Laura Anne Lowery
assistant professor of biology
Fields of Interest
Cytoskeletal dynamics during cell migration, axon outgrowth, development of the nervous system
One of the most remarkable feats in early neural development occurs when each neuron sends out an axon tipped with a growth cone, which navigates through the embryonic terrain and interprets guidance cues to find and connect with its final target. Abnormalities in axon guidance are associated with a multitude of neurodevelopmental disorders, including autism and schizophrenia. Many decades of axon guidance research have defined key extracellular cues and signaling pathways for this process, yet we still do not understand how these cues translate into the coordinated cytoskeletal dynamics that drive the morphological responses (advance, retraction, and turning) of the growth cone.
A long-term goal of our lab is to understand how cytoskeletal coordination occurs in the embryonic growth cone. Specifically, we focus on the regulation of the plus-ends of microtubules (MTs), which play a key role in growth cone steering. An important feature of MT plus-ends is the presence of a conserved set of proteins called 'plus-end tracking proteins' (+TIPs) that localize to the plus-ends and regulate their behavior. Evidence suggests that +TIPs act in response to upstream guidance cues by coordinating the downstream MT response.
Our research utilizes high-resolution live imaging and computational analysis of cytoskeletal behavior in cultured Xenopus laevis embryonic neurons to answer the question of how +TIPs interact and function within the growth cone to drive directed cell motility.
Long JB, Bagonis M, Lowery LA, Lee H, Danuser G, Van Vactor D. Multiparametric analysis of CLASP-interacting protein functions during interphase microtubule dynamics, Mol Cell Biol 2013 Apr;33(8):1528-45.
Lowery LA, Faris AE, Stout A, Van Vactor D. Neural explant culturing from Xenopus laevis. Journal of Visualized Experiments 2012 (68), e4232, DOI: 10.3791/4232.
Chang J, Lowery LA, Sive H. Multiple roles for the Na,K-ATPase subunits, Atp1a1 and Fxyd1, during brain ventricle development, Developmental Biology 2012 Aug 15;368 (2):312-22.
Lowery LA, Lee H, Lu C, Murphy R, Obar RA, Zhai B, Schedl M, Van Vactor D, Zhan Y. Parallel genetic and proteomic screens identify Msps as a CLASP-Abl pathway interactor in Drosophila, Genetics 2010 Aug;185(4):1311-25.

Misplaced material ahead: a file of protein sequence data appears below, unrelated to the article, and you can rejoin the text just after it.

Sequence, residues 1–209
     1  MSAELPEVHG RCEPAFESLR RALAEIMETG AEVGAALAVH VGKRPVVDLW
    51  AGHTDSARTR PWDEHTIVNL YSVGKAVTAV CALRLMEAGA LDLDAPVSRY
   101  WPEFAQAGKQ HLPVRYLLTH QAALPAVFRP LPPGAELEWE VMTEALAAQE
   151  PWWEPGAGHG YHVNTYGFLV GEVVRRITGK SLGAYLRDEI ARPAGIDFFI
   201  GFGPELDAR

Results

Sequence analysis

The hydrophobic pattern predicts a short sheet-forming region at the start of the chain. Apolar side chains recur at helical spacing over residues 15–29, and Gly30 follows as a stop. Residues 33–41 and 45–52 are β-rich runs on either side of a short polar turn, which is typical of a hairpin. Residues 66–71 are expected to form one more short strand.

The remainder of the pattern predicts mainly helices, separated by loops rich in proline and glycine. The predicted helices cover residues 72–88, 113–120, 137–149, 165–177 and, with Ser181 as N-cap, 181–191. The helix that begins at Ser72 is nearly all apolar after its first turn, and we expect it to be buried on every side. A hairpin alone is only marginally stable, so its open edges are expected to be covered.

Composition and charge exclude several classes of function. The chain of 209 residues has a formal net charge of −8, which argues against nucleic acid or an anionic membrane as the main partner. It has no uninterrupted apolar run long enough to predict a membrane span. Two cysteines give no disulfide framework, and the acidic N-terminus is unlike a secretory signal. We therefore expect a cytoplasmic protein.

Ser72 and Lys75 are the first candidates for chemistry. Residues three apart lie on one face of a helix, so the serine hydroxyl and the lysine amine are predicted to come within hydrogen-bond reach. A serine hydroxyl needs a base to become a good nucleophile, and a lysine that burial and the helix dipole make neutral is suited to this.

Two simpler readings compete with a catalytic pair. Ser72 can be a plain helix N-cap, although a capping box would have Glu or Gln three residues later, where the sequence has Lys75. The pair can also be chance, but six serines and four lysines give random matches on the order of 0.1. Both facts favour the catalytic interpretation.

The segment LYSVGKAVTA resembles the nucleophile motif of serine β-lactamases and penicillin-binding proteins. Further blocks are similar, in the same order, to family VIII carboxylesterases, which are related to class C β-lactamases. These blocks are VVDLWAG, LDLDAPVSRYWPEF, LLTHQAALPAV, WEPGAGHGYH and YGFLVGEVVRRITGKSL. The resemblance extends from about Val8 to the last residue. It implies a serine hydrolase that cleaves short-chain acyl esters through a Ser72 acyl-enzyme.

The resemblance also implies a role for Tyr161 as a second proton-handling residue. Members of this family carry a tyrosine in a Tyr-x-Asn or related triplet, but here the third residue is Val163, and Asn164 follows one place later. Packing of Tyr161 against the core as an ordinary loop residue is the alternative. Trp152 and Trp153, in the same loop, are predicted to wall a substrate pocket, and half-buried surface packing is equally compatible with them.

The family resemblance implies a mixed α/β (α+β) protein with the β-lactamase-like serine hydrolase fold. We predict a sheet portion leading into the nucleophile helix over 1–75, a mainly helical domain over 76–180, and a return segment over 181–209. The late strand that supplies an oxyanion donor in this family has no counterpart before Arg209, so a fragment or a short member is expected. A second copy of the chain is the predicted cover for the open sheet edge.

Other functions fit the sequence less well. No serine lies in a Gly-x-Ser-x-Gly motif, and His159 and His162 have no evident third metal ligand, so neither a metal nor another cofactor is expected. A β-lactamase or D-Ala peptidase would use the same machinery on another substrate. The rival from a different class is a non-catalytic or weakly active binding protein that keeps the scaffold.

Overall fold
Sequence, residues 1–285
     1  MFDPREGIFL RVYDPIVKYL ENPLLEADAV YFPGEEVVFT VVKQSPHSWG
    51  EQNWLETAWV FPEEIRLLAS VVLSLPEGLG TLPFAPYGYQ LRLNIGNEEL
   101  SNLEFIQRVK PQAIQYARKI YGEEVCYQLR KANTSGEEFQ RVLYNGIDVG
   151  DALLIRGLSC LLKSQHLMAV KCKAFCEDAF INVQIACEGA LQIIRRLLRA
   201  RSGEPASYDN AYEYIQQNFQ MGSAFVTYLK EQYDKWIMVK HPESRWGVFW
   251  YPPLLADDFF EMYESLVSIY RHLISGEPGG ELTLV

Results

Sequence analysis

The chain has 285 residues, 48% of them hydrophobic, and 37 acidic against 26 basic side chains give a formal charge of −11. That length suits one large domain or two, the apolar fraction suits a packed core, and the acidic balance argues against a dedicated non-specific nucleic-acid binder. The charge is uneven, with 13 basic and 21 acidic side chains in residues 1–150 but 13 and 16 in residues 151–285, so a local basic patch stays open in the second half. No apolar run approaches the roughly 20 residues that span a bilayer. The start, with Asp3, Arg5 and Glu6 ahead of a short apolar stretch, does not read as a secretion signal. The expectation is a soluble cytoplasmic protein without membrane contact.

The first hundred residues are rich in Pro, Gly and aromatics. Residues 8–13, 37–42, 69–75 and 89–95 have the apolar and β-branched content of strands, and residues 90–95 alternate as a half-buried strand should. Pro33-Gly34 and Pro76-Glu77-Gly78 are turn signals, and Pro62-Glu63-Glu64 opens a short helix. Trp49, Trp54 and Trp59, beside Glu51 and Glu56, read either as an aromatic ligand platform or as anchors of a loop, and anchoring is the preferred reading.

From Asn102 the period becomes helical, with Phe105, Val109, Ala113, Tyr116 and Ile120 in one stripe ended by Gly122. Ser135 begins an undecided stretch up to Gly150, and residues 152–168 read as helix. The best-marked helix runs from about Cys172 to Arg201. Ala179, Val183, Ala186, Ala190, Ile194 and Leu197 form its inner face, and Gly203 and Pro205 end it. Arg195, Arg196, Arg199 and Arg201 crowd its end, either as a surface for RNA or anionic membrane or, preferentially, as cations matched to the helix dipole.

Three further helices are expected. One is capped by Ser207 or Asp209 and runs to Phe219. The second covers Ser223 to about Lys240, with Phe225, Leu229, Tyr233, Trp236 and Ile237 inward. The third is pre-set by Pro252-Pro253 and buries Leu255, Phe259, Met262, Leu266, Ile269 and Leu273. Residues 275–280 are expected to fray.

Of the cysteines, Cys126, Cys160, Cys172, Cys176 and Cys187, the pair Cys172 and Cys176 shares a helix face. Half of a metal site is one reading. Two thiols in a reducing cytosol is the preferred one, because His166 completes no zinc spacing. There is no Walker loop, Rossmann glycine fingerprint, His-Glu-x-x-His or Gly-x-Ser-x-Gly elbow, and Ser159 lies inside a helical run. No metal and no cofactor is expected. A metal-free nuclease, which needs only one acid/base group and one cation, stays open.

Lowery LA, Van Vactor D. The trip of the tip: understanding the growth cone machinery, Nature Reviews Molecular Cell Biology 2009 May;10(5):332-43.
Lowery LA, Sive H. Totally tubular: the mystery behind function and origin of the brain ventricular system, Bioessays 2009 Apr;31(4):446-58.
Lowery LA, De Rienzo G, Gutzman J, and Sive H. Characterization and classification of zebrafish brain morphology mutants, Anatomical Record 2009 Jan;292(1):94-106.
Gutzman JH, Graeden E, Lowery LA, Holley H, Sive H. Formation of the midbrain hindbrain boundary constriction requires laminin-dependent basal constriction, Mechanisms of Development 2008 Nov-Dec;125(11-12):975-83.
Lowery LA, Rubin J, and Sive H. wis/sfpq is required for cell survival and neuronal development in the zebrafish, Developmental Dynamics 2007 May;236(5):1347-57.
Lowery LA and Sive H. Strategies of vertebrate neurulation and a re-evaluation of teleost neural tube formation, Mechanisms of Development 2004 Oct; 121(10):1189-97.
Lowery LA and Sive H. Formation of zebrafish brain ventricles occurs independently of circulation and requires the nagie oko and snakehead/atp1a1a.1 gene products, Development 2005 May;132(9):2057-67.
Hardaker LA, Singer E, Kerr R, Zhou G, Schafer WR. Serotonin modulates locomotory behavior and coordinates egg-laying and movement in Caenorhabditis elegans, Journal of Neurobiology 2001 Dec;49 (4):303-13.
Waggoner LE, Hardaker LA, Golik S, and Schafer WR. Effect of a neuropeptide gene on behavioral states in Caenorhabditis elegans egg-laying. Genetics 2000, 154:1181-1192.